Will rapists who married their victims pre-abolishing Article 308 escape punishment by the law?


Published: 2018-01-14 15:38

Last Updated: 2018-01-14 17:28

Women activists and civil society groups protesting against the law before scrapping it. (Archive)
Women activists and civil society groups protesting against the law before scrapping it. (Archive)

The Jordanian Supreme Court announced on Sunday that they will no longer be pursuing a man who has been detained in police custody for sexually molesting an 18-year-old girl, as he concluded his marriage contract with his victim before Article 308 was abolished.

The suspect married his victim in accordance with Article 308 of the Penal Code, which allowed rapists to be pardoned if they married their victim and remained married for at least three to five years. The law was scrapped in August 2017.

The Grand Criminal Court announced the suspension claiming that the case took place in 2016, before abolishing Article 308, and according to the old law, the suspect did not commit a crime because he married his victim.

However, the General Prosecutor in the court appealed the decision, calling for the offender's punishment, who is accused of raping the victim.

The controversial Article 308 allowed hundreds of sexual assault perpetrators to escape punishment by marrying their victims, in order to save the woman's honor and the honor of her family. However, this put victims at an even greater risk of abuse.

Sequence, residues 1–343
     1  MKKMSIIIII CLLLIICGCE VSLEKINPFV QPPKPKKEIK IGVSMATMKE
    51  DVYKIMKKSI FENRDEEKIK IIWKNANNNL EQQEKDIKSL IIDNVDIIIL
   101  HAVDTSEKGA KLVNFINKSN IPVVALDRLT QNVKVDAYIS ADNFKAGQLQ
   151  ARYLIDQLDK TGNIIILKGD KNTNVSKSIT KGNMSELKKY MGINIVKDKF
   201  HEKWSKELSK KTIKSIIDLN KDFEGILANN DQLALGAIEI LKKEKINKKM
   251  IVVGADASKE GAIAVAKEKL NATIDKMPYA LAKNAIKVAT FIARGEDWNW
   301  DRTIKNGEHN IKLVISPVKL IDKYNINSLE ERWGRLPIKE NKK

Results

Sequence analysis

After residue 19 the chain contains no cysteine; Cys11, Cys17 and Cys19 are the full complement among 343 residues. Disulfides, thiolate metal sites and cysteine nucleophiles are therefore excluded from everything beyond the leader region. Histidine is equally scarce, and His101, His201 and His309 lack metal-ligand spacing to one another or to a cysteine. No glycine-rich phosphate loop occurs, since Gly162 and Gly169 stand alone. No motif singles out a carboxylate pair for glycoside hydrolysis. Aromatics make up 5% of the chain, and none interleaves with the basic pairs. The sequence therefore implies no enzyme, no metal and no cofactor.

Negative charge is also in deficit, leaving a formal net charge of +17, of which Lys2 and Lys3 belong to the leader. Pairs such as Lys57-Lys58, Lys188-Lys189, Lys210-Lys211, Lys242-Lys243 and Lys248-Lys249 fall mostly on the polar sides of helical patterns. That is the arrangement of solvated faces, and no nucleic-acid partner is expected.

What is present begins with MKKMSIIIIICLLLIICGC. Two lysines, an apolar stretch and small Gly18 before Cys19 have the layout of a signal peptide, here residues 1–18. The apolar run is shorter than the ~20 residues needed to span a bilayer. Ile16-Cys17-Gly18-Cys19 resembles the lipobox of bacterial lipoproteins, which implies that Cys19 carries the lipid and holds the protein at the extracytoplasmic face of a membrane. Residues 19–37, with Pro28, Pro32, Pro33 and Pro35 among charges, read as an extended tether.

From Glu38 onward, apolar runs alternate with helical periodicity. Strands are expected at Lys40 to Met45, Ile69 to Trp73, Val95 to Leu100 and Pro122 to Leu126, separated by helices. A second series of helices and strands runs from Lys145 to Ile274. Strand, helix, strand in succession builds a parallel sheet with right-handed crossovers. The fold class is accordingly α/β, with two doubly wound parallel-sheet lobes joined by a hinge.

In August 2017, Jordan’s Parliament approved the abolishment of the article. Many hailed the vote as a victory for women's and children's rights.

Reports of women rights’ organizations in Jordan showed that many victims as young as 15-years-old were forced to marry their rapists, after being pressured by their family and their rapist.

According to statistics from Jordan's Ministry of Justice, 159 rapists avoided punishment by marrying their victims between 2010-2013, with over 300 rapes recorded annually on average during the same period.

Abolishing Artile 308 was a victory for Jordanian women's rights, following years of campaigning against the law.

Article 308's abolishment was part of a regional movement towards cancelling provisions that create impunity for perpetrators of sexual assault, following Tunisia, Bahrain, Morocco and Egypt, who scrapped similar laws, with Lebanon headed in the same direction.